What Pinterest Teaches Us About Innovation in Business
By Chad McCloud, Executive Director - Jabian Consulting
Innovations from businesses are constantly changing our world in the form of new products and customer experiences. But anyone who has ever been locked in a brainstorming session knows that it's the process of innovation that's the hard part. True innovation is difficult to generate, and even harder to repeat. The scarcity of inspiration is what drives companies to look for new and interesting ways to acquire it.
A relatively new website called Pinterest provides a refreshing perspective on the pursuit of inspiration. Quickly becoming one of the more addictive sites on the web, Pinterest is a global bulletin board for images that inspire, trigger laughter, or are just plain cool. Members can post images of virtually anything, categorize them for easy reference, and create their own bulletin 'boards' with other images that interest them. Some of us have lost loved ones to Facebook or reality TV; it's a good bet that within the next year, you will lose a loved one to Pinterest.
People use Pinterest for more reasons that I can fathom, but what struck me instantly was the spirit of innovation within and among the posted images. Some images show a creative combination of concepts that aren't normally associated with one another. An example of this is an image that merges a staircase and a bookshelf, by turning each step into its own shelf of books. The collection of these images when viewed together on a page starts to form a neural network of interconnected and inspirational ideas.
There are a number of lessons that innovating businesses can borrow from Pinterest:
Make innovation a visual experience.
Traditional brainstorming sessions use white boards to capture ideas with words, but the use of images and videos brings something much more sensory. A Product Manager for a software company might view a visually-appealing trend graphic from Mint.com and find an applicable enhancement to her own product, much more interesting than a verbal description of enhanced reporting.
Participation breeds innovation.
As Thomas Edison quipped, "To have a great idea, have a lot of them." When over 4 million people use Pinterest to post ideas, there are bound to be some pretty amazing doses of inspiration. The site makes it uncommonly easy for millions of members to pin, search, and browse through volumes of content quickly. Just think about what's possible when businesses expand innovation efforts across the entire company, or even to their customers.
Quick! Innovate in the next 10 minutes!
Many of us have a hard time innovating when our time for innovation is locked in a schedule between 9am and 10am on Tuesday. If your best ideas come from the treadmill, the shower, or over a cup of coffee on Saturday morning, then providing a place to post ideas allows innovation to occur beyond the constraints of the calendar. Pinterest does this exceedingly well.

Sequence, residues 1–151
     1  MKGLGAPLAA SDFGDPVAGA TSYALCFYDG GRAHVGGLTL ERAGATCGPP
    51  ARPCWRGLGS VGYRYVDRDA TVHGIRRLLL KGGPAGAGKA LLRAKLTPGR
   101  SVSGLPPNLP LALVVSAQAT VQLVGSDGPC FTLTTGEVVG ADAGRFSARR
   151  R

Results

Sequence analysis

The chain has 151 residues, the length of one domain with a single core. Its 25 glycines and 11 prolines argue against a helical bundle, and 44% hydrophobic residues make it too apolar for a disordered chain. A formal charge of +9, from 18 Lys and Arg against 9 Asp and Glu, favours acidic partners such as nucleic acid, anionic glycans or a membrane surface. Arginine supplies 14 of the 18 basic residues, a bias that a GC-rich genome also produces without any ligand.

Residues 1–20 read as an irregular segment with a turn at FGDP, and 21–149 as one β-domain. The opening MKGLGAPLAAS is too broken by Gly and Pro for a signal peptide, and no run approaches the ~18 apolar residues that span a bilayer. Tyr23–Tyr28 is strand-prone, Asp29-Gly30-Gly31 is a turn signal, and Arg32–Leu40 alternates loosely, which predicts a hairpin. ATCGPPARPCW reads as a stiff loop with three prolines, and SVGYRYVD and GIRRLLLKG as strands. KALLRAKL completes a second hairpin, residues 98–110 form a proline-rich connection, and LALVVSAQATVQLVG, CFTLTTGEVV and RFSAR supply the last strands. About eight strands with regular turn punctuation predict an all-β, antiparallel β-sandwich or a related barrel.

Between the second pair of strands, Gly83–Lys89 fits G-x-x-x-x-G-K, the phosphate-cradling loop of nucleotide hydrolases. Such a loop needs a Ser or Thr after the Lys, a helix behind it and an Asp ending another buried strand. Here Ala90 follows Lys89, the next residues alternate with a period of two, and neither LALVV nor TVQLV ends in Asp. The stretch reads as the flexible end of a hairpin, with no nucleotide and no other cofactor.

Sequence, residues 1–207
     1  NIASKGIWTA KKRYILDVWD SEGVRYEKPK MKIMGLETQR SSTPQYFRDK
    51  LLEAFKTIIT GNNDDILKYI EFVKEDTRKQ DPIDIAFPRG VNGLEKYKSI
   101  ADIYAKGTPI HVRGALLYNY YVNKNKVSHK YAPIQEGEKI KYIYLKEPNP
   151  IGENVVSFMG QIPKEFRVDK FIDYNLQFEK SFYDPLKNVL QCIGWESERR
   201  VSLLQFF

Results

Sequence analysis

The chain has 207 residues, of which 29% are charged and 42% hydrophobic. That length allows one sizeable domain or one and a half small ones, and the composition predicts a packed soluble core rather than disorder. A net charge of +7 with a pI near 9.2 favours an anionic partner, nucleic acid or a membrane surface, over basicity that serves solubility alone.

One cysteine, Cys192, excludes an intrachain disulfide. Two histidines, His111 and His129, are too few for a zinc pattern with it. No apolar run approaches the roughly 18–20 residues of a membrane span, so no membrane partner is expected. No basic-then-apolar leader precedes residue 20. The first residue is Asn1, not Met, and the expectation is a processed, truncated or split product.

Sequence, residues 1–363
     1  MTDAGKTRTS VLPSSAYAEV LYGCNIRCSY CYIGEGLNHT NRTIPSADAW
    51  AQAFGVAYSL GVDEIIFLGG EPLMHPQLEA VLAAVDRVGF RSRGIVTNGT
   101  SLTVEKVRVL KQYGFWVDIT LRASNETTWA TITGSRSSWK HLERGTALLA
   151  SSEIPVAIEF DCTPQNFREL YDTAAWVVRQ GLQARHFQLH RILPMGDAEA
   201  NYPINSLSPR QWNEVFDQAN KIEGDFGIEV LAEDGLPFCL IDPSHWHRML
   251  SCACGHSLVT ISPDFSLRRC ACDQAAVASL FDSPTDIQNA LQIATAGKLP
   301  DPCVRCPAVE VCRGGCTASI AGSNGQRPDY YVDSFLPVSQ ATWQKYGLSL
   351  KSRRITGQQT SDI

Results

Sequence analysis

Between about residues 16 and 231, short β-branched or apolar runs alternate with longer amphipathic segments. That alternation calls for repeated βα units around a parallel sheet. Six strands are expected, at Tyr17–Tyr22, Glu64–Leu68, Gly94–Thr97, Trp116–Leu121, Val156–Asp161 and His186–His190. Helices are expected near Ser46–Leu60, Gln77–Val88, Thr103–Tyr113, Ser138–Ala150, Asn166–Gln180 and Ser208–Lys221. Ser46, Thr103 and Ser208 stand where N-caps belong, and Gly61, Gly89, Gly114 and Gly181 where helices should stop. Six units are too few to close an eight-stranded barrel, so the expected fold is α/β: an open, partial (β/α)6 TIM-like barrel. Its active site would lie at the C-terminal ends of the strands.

Expanding the number of ideas, however, will only take businesses so far. Companies who are famous for innovation use structured approaches to channel their inspirations into new products and experiences that generate real revenue. Here are three structural steps that can maximize the impact of the lessons above:
START WITH A GOAL
Pinterest members use the site for everything from collecting and expressing their individual styles to finding sources of good ideas. Business innovation only works when there is a defined goal combined with facilitation towards that goal. Examples of goals include generating new product ideas and enhancing existing ones, or creating different ways to search, catalogue, and connect.
INSPIRE INNOVATION BUILDING UPON THE 'KNOWN'
Most people have a hard time generating inspiring ideas out of thin air. When presented with a tangible idea, however, most of us can build upon that idea and take it a few steps further or in a new direction entirely. Connections are made when you associate two ideas that seemingly don't have anything to do with each other. Thermostats and iPods perform completely separate functions, but help inspire products like the Nest when brought together.
ENCOURAGE COLLABORATION ON TOP OF AFFIRMATION
Many of the comments we see on Pinterest are affirmative in nature ("I like it!"). While positive feedback encourages participation, encouraging collaboration among the innovators can iteratively lead to improvisational yet critical steps toward a break-through idea. Facilitators who draw out and link ideas through contiguity and contrast help focus the chaos of creativity into applied solutions. As Steve Jobs once said, "Creativity is just connecting things."
Companies who infuse some of the lessons from Pinterest into their own innovation efforts are bound to find ideas that they never dreamed possible. At the very least, they'll walk away with new visions for remodeling the kitchen.
CHAD MCCLOUD (email@example.com) is an Executive Director at Jabian Consulting. He spends his time at the intersection of Customer and Product, designing customer-driven strategies and leading new product innovation efforts that deepen the relationships that Atlanta-based companies have with their customers.
First published by MarketingProfs, February 2012